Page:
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I have just started reading The Great Stink by Clare Clark. So far I have only read the first twenty or so pages but already I can sense this will be a rare pleasure. In the first chapter, we meet the main character (William May, a mentally damaged veteran of the Crimea) as he delves deep beneath the stinking metropolis of mid 19th century London. The first few pages are a sensory punch in the face. I haven’t been able to get the impression of much of a plot just yet; the pace is slow, at least to begin with, but the description is sublime.
I’ve been meaning to read more contemporary historical fiction, and as this is my era I’m sure this book will reward my efforts. I will, of course, write a complete review when I am finished.
Here is the blurb from the Waterstones page:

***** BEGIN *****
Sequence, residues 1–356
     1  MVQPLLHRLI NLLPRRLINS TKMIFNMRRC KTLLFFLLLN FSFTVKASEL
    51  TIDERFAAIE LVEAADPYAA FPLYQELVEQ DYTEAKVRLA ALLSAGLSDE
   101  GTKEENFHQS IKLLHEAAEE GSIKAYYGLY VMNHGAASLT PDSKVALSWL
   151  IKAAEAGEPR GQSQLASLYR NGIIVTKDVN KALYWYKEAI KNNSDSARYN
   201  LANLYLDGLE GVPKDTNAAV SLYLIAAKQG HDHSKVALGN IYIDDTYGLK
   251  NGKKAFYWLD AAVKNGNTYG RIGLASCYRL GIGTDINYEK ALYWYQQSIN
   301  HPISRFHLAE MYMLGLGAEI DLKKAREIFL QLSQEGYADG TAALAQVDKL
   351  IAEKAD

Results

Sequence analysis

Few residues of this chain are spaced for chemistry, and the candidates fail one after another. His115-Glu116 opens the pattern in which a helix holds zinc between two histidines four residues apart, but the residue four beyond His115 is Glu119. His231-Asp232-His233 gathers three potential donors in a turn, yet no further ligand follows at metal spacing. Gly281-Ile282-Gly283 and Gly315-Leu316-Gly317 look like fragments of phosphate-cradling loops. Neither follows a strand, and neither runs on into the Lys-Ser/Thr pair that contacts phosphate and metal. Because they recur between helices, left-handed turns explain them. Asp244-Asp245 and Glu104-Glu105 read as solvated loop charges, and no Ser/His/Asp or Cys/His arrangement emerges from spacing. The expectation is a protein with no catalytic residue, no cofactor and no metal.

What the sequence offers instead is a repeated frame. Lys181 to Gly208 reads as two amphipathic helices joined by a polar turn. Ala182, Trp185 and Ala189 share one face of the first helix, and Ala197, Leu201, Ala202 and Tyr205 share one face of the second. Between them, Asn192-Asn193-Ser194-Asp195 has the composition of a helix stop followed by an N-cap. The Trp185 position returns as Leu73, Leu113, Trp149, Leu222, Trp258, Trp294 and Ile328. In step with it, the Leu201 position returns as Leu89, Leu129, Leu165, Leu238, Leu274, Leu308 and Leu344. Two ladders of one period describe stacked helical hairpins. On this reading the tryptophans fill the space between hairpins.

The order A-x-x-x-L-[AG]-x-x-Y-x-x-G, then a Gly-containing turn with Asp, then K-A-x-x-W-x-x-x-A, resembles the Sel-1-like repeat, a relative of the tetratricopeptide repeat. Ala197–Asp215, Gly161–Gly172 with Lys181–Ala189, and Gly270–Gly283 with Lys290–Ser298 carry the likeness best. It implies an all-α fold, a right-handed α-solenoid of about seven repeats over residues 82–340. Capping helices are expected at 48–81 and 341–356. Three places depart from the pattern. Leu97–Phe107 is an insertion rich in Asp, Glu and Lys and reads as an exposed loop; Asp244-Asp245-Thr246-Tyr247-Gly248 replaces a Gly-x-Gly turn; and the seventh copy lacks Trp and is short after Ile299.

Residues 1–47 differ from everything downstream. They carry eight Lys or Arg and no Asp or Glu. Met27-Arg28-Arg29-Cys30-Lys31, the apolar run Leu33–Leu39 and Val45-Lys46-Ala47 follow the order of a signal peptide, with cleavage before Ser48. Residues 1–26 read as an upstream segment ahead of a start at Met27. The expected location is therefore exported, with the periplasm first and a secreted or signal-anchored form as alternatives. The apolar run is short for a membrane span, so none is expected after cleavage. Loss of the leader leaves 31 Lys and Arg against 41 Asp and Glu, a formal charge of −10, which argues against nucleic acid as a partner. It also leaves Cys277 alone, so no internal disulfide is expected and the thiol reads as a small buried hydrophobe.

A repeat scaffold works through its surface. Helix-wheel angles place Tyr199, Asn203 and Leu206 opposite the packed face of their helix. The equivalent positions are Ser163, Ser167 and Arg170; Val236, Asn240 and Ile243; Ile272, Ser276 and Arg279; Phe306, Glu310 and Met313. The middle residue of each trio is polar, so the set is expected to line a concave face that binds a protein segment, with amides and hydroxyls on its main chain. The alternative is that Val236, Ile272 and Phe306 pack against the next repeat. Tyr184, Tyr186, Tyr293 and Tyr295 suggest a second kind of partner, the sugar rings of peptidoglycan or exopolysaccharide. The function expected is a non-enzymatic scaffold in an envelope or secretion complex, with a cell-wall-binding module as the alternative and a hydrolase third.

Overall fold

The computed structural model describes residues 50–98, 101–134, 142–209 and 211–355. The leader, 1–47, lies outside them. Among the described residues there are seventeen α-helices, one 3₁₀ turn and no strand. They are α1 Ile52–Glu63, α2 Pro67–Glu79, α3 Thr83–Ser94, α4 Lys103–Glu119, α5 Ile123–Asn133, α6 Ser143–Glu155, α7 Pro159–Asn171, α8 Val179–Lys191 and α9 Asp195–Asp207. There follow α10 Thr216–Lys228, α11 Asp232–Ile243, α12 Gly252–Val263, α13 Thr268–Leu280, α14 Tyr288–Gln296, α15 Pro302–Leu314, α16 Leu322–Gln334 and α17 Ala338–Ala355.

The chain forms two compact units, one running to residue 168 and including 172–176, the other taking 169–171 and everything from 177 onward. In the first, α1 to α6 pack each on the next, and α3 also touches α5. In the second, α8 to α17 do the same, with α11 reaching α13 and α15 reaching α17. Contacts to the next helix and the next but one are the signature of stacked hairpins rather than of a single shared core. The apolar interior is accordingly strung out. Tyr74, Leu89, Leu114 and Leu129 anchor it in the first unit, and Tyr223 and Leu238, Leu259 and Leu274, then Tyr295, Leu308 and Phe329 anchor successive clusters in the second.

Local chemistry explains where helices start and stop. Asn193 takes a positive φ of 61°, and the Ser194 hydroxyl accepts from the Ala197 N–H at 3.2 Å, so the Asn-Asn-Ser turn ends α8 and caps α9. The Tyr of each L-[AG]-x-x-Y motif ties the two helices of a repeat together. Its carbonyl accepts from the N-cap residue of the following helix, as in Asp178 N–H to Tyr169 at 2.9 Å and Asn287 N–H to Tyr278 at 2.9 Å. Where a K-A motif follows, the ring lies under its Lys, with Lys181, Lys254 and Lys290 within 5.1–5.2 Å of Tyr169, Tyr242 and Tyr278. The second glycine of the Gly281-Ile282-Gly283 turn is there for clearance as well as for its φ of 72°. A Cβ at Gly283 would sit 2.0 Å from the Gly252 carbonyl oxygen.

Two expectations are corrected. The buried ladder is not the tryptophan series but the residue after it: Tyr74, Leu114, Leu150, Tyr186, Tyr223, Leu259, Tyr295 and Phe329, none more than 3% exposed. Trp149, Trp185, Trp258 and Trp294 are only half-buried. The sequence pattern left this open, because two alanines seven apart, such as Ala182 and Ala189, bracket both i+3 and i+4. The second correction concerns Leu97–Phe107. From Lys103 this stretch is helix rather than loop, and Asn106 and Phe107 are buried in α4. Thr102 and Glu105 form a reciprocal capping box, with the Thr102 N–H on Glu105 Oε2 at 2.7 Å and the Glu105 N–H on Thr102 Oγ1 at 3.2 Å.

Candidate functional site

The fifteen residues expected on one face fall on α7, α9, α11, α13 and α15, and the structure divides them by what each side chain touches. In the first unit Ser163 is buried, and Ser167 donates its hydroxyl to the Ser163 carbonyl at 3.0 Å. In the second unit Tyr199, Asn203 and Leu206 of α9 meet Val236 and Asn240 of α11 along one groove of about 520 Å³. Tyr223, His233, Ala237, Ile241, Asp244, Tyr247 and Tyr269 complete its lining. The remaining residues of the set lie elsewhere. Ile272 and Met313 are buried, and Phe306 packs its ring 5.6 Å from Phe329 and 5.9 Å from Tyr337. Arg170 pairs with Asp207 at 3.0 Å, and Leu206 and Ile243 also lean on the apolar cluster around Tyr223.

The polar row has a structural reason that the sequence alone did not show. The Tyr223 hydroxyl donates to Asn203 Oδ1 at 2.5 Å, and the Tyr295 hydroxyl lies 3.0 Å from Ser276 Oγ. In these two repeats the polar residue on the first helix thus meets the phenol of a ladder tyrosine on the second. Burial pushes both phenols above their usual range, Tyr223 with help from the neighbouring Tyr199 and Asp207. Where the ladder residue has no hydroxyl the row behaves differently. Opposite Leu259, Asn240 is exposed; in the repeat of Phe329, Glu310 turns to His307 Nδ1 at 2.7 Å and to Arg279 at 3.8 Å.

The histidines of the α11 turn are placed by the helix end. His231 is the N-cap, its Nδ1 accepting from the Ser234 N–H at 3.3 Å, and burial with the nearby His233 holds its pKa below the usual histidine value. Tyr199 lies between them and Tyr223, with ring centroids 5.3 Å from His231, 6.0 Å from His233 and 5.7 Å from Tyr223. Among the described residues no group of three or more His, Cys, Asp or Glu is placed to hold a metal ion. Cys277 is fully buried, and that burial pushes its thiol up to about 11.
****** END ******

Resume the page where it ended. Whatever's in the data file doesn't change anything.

William May returns to London after the horrors of the Crimean War. Scarred and fragile though he is, he lands a job at the heart of Bazalgette’s transformation of the London sewers. There, in the darkness of the stinking tunnels beneath the rising towers of Victorian London, May discovers another side of the city and remembers a disturbing, violent past. And then the corruption of the growing city soon begins to overwhelm him and a violent murder is committed. Will the sewers reveal all and show that the world above ground is even darker and more threatening than the tunnels beneath? Beautifully written, evocative and compelling, with a fantastically vivid cast of characters, Clare Clarke’s first book is a rich and suspenseful novel that draws the reader right into Victorian London and into the worlds of its characters desperately attempting to swim the tides of change.
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